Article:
Using the Save The Cat software and lessons from Donald Maas’ writing books (specifically that good writing is comprised of scenes), I sat and walked and doodled notes in the waiting room of the dentist and generally obsessed over ideas from August-October 2021.
In addition to my “Stream of Consciousness” document, I eventually created a seven-page synopsis (which I learned from Elizabeth Peters) and (most importantly) a Google Doc with 44 separate pages, one for each scene.
At times I got carried away and just wrote the whole scene. One of the first ones I wrote was when Siena meets Bradley at the bar in her Alias phase (don’t want to give anything away, but you’ll remember it if you’ve read it). After that, I wrote more-or-less chronologically.
You know that feeling when you can’t wait to get back to a good book? That’s how I felt for months. I just couldn’t wait to get back to it — I wanted to know what Siena would do next!
Every so often, I’d look at my “kernels” document and think about where I could put one. It’s basically just 32 pages of random quotes. One comes from a conversation between my cousins, and it goes:
“You’re the worst fighter I ever met,” person says.
“Oh, yeah?” other person retorts. “You have the worst breath I’ve ever smelled.”
That line ended up between two people at Krav Maga camp.
I was also hugely inspired by all the spy and adventure books/movies/shows I’ve binged over the years. Mossad 101 is a great one (formerly on Netflix), and Yonah Hariri is loosely based on/ named after Yona Harari. The scene with the racist French guy is adapted from that show, too.
I reference countless other adventure and spy books/shows/movies throughout. Some are just part of my psyche at this point. That includes The Mummy Returns, Alias, Covert Affairs, etc.
Others were newer additions that gave me short-term inspiration, like Miss Fisher’s Murder Mysteries. I loved a line where she was accused of lurking near a crime scene. She is gracefully indignant. “I never lurk!”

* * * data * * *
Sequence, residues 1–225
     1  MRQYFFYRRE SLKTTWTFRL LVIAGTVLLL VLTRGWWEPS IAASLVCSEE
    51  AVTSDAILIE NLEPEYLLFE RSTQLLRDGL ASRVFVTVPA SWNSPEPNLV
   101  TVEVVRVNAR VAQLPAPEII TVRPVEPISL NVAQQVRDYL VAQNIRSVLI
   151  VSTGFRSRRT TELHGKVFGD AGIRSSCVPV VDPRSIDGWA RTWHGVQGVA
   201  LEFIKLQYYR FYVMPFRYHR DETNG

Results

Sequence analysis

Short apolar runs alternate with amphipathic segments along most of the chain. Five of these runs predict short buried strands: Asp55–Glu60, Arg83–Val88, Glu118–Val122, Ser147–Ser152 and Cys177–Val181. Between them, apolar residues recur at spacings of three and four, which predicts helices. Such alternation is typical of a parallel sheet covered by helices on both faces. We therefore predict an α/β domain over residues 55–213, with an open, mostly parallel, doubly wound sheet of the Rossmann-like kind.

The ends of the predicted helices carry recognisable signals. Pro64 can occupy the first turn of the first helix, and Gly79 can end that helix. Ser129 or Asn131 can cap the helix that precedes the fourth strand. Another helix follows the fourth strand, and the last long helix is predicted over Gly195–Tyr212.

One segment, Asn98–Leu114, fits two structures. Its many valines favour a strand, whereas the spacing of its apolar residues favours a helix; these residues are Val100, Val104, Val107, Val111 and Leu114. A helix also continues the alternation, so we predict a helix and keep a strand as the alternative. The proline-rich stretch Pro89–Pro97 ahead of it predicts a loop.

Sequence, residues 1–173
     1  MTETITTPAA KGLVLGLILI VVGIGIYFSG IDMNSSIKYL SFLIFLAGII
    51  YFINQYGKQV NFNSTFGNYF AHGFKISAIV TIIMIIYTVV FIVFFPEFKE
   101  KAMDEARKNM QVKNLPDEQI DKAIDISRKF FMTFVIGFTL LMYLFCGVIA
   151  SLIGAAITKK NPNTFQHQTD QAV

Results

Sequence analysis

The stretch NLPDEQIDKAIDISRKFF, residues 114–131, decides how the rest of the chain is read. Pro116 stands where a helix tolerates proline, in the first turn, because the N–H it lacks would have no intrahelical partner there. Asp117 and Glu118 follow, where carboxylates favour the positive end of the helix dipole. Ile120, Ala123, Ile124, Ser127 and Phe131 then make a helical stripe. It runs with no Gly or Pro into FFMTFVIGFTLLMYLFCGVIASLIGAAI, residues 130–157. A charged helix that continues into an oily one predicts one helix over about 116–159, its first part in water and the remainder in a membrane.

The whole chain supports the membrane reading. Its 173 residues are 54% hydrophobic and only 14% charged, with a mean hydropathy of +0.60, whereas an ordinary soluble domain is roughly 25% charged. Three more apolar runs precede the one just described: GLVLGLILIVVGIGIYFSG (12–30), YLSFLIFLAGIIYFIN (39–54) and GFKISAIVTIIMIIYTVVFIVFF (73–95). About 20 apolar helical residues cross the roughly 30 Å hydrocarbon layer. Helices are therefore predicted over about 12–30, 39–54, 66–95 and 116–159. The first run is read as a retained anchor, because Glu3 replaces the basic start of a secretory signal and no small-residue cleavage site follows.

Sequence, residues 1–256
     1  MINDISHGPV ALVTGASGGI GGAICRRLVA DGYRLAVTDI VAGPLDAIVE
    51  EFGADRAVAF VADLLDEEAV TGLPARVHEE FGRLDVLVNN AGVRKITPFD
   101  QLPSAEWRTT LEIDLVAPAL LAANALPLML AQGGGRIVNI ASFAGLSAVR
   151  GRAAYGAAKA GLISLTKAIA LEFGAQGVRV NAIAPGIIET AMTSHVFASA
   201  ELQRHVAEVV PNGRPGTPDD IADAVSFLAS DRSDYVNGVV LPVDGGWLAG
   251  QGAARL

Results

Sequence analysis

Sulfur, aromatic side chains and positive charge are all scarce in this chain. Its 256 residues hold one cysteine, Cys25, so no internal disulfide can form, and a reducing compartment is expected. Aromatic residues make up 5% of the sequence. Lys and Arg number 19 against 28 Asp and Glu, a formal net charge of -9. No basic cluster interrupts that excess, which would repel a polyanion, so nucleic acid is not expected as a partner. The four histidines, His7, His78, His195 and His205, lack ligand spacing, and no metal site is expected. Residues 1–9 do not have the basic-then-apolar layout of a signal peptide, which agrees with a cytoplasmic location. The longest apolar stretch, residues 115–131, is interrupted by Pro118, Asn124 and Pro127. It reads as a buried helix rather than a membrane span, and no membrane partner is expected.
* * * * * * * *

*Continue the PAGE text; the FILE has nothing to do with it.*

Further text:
That created a scene where Siena is voicing her suspicions, saying, “Well, I saw him lurking…” And her friend responds, “Lurking, you say! Somebody call the FBI.”
Figuring I should probably take some classes before heading to Israel, I signed up for Krav Maga classes 3x/week. It was (and still is) amazing. Many of Siena’s fight scenes, thoughts, and dialogue are ripped straight from those classes.
For instance, I also hate walking away from a fight without winning, even if that means repeatedly challenging my instructor to a re-match (and losing every time). I once had a fellow student (he was as jacked as a professional athlete), say something like, “No offense, but even I can’t take him. What makes you think you can?”
“Reckless overconfidence, mostly,” was my response, and it became Siena’s during a similar scene.
If Yonah’s name and appearance are inspired by Mossad 101, his personality and dialogue come from my Krav Maga instructor, Shihan Mike Vaughn.
I was so excited about this trip, I wrote the first draft before my plane even took off! The trip was one of the best weeks of my life — I learned and grew so much, it was just amazing.